Mariachi styleTo say that the previous few days had left Adam Clarke uneasy would be a gross understatement. His admittedly small living space, already cluttered beforehand, now looked as if it was hit by some miniature tornado. Dogeared magazines and notebooks littered the floor, sharing space with empty pizza boxes and Chinese food containers. The Tennessee man didn't pay much attention to the mess though. Made the place more homey, he supposed. Not that he had much attention to devote to the comforts of home, given recent developments. They were coming back. They'd taken him away and left him on the side of the road. He didn't know why just yet, but this visitation would be the final piece of the puzzle. He could feel it in his gut. But on some level, he wondered if there wasn't more to this. It seemed that the more he worked out, the more inconsistencies there were in his theories. Like every time he thought he'd finished, a hundred more clues and suppositions were dumped in his lap. But he could hardly think about the nature of his work right now. He shuffled about his modest home, clearing a path between the window, which he would occasionally stop to peer through, the television whose picture buzzed and flickered in the corner, and the computer that seemed to be collapsing in on itself. The conspiracy community, if there was a community to begin with, had seen itself abuzz with gossip over the last few days, comparing notes and arguing and fearing for their lives. Adam was no different, though he knew that all he could do was wait and see. Briefly he considered getting in his car, catching a plane, seeing the saucer for himself, but no. He'd had his fill of those little green bastards for now. He could wait. And wait he did.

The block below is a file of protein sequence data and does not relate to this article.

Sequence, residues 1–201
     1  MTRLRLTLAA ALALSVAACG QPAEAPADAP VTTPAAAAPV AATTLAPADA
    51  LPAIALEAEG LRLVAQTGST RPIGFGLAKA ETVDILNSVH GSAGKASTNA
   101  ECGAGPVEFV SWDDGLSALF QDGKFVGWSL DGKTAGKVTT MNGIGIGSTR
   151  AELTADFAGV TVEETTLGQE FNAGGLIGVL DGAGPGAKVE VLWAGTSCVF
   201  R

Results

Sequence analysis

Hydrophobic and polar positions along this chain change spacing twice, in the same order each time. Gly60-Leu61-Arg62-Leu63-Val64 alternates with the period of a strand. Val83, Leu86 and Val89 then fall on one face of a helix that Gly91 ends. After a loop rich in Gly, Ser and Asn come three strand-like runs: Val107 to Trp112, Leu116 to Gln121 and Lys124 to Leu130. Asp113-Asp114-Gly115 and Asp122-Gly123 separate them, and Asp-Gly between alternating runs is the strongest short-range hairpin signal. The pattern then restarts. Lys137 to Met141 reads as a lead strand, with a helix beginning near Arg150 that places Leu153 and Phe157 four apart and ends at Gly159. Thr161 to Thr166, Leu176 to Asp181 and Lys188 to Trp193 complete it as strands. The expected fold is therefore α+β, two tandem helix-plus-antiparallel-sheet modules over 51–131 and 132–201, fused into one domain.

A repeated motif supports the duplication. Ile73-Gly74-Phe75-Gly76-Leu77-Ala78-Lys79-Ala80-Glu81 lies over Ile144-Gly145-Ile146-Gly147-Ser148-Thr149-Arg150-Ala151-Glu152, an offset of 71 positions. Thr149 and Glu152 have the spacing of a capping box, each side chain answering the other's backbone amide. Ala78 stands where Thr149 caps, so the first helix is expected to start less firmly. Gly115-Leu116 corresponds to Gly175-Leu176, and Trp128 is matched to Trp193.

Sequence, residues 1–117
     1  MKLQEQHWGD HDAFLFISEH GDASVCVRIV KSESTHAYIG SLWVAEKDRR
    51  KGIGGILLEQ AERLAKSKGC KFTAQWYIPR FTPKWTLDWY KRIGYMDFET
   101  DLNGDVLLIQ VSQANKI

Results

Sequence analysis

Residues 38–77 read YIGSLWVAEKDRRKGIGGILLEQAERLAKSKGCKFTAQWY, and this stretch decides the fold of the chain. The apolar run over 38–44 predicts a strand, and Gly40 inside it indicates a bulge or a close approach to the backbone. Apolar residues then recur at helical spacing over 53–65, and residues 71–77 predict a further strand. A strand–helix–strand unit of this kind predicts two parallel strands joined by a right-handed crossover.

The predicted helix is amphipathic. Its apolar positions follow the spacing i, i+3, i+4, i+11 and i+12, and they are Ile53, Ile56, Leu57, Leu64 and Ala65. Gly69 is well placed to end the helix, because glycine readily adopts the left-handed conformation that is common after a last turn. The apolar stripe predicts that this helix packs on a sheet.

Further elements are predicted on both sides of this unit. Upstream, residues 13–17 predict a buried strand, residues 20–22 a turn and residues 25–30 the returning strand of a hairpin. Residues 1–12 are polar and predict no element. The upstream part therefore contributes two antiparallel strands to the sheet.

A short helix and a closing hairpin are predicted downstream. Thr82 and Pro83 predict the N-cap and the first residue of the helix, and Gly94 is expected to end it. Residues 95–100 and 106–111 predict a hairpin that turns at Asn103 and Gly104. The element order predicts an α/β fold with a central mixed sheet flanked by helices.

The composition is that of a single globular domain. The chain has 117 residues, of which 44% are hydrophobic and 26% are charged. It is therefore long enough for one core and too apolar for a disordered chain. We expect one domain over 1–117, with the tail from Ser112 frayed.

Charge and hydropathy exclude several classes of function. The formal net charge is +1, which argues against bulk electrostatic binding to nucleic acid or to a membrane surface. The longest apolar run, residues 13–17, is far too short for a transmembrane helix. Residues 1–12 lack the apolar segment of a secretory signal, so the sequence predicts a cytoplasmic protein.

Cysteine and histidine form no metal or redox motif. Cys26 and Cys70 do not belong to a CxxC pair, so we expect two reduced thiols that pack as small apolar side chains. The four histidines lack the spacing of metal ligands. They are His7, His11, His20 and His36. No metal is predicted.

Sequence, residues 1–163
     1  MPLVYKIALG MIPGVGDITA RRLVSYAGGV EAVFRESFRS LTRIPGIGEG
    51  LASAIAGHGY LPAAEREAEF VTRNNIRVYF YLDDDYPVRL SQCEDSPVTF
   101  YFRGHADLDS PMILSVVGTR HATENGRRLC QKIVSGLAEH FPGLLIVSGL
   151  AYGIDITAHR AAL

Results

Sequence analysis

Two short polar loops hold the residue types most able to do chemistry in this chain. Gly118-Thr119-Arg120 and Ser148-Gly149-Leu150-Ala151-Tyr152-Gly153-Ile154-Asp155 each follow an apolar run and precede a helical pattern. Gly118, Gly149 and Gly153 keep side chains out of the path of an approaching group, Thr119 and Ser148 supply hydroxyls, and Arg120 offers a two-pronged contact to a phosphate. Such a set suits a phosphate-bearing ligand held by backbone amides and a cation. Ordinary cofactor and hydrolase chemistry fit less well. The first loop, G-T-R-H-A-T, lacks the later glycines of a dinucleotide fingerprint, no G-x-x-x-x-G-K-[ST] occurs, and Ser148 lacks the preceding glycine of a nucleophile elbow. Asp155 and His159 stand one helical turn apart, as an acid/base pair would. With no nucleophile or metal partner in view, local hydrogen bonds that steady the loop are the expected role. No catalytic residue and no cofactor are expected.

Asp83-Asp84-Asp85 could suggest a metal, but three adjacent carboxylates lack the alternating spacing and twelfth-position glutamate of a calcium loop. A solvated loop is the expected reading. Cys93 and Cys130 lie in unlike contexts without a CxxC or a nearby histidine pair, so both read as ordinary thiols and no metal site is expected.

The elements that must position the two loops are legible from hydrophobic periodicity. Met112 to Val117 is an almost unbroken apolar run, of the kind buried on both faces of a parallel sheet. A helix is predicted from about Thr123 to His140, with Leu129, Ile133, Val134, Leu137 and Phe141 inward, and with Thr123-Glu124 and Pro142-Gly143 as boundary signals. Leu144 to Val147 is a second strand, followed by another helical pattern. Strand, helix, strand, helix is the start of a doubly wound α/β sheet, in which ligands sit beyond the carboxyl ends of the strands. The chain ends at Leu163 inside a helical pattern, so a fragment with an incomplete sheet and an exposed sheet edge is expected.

"Was JFK a mermaid? I don't know, I'm just asking the tough questions."